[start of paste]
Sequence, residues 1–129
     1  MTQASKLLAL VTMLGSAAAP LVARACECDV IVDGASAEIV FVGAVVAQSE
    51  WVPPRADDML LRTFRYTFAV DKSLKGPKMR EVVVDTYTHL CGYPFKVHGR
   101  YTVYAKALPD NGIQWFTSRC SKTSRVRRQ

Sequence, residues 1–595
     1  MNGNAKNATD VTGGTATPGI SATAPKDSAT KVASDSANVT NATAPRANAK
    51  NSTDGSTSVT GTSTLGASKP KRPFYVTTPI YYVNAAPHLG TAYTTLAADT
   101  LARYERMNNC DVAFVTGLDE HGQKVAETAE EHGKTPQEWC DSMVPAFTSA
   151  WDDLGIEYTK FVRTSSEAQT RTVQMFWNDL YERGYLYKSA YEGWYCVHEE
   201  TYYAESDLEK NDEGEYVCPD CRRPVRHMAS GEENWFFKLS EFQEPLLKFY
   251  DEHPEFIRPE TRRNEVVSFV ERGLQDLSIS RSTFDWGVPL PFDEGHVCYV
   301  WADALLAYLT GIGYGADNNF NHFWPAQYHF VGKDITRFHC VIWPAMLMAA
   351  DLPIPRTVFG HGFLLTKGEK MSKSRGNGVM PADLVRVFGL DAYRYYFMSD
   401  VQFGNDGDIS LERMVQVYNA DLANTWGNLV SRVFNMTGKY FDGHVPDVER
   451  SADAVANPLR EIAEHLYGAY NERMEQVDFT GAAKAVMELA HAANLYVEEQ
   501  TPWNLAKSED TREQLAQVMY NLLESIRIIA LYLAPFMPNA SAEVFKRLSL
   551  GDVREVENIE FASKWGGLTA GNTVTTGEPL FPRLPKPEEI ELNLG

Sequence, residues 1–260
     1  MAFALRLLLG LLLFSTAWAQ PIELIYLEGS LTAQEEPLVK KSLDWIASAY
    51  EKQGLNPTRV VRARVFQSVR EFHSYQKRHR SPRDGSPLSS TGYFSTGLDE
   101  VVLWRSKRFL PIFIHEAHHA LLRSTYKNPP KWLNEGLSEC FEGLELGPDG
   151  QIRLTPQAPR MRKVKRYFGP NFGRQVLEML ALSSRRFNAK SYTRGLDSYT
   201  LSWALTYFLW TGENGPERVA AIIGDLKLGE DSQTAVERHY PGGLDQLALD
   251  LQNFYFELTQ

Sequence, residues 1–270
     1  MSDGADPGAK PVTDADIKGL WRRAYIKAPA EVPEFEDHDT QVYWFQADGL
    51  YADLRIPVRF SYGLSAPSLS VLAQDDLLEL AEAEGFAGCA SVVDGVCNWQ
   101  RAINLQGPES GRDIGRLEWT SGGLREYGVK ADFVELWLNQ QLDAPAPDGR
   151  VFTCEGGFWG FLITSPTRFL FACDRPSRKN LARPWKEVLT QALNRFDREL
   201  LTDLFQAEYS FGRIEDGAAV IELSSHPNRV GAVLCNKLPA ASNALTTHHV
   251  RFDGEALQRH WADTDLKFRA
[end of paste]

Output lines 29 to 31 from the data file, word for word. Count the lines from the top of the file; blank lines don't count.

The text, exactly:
   151  VFTCEGGFWG FLITSPTRFL FACDRPSRKN LARPWKEVLT QALNRFDREL
   201  LTDLFQAEYS FGRIEDGAAV IELSSHPNRV GAVLCNKLPA ASNALTTHHV
   251  RFDGEALQRH WADTDLKFRA